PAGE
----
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Euro sinks ahead of ECB meeting

ECB meeting in full focus

Last week’s headlines of a return to deflation in the Eurozone for the first time since 2016 were troubling. The ECB Chief Economist, Philip Lane, also warned that the value of the euro against the dollar mattered with regard to monetary policy. This came after the euro reached a two-year high against the US dollar, briefly breaking above $1.20. There was a negative development in the Eurozone’s efforts to provide relief measures to economies most adversely affected by the coronavirus pandemic. On Friday, Hungary refused to grant its final approval to the EU rescue funds, without guarantees on a linked mechanism on the rule of law. On the PMI front, Thursday saw the Euro aggregate services PMI for August rise on its final reading versus preliminary estimates. However, this was only thanks to Germany’s improved performance. The other major Euro countries, France, Italy and Spain, all saw their services activity readings drop from July readings, in France’s case very sharply indeed.

The euro had been see-sawing against other majors having made the gains in the early part of the week, but closed out the week just under 0.5% lower against the US dollar, and flat against the pound. It made some limited gains against the Japanese yen, although the yen itself sold off after PM Shinzo Abe announced he was stepping down due to ill health. The euro’s stronger performance in sessions up to last Tuesday was due mainly to the FX market’s distancing from the US dollar. Economically, however, there are increasing warning signals that the Eurozone may require additional stimulus. This may be either monetary, fiscal or both, and that could produce greater negative sentiment towards the euro, or at the very least present an additional hurdle for a retest of recent highs.

Already today, German industrial production figures for July have recorded just a 1.2% rise in output in July, versus an expected increase of 4.5%. Some modest upward revision to June output figures could not hide the disappointing outturn but should it have been that much of a surprise? The factory orders numbers last week were up barely half of what was expected, so output ought to have been expected to rise less, and consensus expectations looked overly optimistic. Expectations on today’s Eurozone Sentix investor confidence figures for September point to a further improvement in confidence versus August, but this looks at odds to other recent survey evidence, so don’t be surprised if confidence dips, rather than improves. The data calendar is light in terms of important releases, which leaves the way clear for markets to focus on the ECB Governing Council meeting on Thursday. Whilst no major changes are expected, the new inflation and growth forecasts will be scrutinised, and the press conference comments scoured for hints as to any new policy moves later in the year.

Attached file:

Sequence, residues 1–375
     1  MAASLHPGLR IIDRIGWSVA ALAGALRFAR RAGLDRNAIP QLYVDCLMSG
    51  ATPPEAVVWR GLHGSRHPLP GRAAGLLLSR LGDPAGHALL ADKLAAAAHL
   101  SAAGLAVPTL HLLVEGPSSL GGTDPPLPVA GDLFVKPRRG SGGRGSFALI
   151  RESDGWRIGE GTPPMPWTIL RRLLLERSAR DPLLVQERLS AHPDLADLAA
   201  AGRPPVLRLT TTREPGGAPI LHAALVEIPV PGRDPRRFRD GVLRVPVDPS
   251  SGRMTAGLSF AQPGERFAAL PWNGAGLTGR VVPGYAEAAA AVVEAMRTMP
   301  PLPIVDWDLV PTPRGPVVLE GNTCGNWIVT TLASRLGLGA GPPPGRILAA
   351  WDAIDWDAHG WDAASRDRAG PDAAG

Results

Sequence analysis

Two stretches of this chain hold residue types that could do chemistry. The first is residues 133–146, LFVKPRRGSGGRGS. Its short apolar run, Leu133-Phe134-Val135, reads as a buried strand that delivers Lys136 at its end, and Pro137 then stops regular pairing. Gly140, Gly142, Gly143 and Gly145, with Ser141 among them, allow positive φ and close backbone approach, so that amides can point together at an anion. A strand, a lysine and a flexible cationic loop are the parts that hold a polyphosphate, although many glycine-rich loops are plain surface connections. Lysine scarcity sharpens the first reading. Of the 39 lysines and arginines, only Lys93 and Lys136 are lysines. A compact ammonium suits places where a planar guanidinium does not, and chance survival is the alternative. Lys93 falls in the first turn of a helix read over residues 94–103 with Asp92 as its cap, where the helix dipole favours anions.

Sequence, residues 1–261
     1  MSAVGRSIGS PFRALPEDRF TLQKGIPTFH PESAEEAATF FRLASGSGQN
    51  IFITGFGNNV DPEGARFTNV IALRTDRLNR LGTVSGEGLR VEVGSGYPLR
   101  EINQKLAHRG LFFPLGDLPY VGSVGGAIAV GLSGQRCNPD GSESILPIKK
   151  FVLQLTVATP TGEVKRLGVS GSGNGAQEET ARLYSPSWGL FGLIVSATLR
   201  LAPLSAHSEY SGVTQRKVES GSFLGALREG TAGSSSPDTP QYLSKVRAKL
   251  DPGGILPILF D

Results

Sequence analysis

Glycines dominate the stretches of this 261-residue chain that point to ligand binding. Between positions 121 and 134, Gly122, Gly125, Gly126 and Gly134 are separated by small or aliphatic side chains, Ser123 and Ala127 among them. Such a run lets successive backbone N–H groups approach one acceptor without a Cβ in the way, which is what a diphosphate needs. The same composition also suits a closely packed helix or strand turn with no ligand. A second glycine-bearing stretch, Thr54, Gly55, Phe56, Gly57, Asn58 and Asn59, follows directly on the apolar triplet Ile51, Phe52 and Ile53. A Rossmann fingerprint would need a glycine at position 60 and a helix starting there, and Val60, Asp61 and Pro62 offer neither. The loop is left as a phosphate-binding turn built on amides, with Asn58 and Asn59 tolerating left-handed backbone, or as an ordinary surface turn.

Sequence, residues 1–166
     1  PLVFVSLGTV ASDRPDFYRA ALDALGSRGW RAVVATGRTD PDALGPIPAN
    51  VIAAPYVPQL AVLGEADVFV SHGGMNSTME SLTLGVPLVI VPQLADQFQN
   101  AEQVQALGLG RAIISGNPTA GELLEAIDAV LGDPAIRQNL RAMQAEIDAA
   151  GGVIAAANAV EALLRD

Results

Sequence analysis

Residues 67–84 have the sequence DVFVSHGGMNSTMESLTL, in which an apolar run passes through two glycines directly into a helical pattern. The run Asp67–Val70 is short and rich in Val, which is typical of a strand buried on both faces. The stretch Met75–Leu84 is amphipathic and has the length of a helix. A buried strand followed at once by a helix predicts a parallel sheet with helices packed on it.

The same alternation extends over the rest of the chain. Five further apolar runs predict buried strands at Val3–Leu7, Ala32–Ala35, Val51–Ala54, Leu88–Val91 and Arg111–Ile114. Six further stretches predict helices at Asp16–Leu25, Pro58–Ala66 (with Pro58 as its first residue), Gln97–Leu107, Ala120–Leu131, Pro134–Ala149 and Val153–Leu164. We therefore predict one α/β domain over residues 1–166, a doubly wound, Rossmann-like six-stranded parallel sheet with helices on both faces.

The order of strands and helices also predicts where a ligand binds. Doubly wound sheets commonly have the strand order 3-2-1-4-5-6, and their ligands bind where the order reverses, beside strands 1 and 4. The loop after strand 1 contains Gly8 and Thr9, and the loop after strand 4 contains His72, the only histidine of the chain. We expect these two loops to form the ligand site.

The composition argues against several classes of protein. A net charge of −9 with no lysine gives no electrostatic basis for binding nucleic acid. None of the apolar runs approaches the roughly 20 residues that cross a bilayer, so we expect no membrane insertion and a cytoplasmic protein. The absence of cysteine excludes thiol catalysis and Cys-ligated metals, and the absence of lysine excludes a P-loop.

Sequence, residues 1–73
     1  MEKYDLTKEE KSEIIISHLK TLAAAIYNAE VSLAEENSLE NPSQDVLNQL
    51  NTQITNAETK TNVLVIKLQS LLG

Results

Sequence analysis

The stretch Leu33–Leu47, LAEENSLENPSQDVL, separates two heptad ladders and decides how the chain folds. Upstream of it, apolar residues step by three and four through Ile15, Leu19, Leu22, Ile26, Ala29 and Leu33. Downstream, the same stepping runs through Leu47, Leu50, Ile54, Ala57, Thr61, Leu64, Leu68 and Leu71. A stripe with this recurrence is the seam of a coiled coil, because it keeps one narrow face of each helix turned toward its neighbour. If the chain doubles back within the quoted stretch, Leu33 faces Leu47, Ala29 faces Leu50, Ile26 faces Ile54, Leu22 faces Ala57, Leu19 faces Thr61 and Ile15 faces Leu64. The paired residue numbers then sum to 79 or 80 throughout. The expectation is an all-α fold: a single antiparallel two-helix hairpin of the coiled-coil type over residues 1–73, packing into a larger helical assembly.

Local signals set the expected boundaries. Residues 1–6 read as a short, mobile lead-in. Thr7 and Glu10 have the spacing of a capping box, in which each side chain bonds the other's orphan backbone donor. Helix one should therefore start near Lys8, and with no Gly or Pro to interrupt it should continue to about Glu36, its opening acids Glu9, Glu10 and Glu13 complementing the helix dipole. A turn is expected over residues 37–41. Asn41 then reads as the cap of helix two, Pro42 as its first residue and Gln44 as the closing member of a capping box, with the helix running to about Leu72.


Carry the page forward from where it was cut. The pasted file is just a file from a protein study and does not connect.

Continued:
Unemployment drop threatens further stimulus   

Last Friday’s US labour market data for August was keenly awaited by markets. The expectation was for another healthy 1.35m net gain in payrolls, and the unemployment to drop back below 10%. The payrolls increase was broadly on the money, but the unemployment rate fell to 8.4%, far in excess of what was expected. There had been some hints in other labour market releases earlier in the week that we could see a sizeable improvement, with the jobless claims figures dropping to 881k in the latest week, the lowest reading since the week ending 13th March. The news wasn’t all good though, with the Federal Reserve’s latest assessment of economic conditions indicating that the recovery was fragile, the jobs market at risk of significant layoffs once support schemes ended, and personal and business borrowing/creditworthiness had taken a turn for the worse.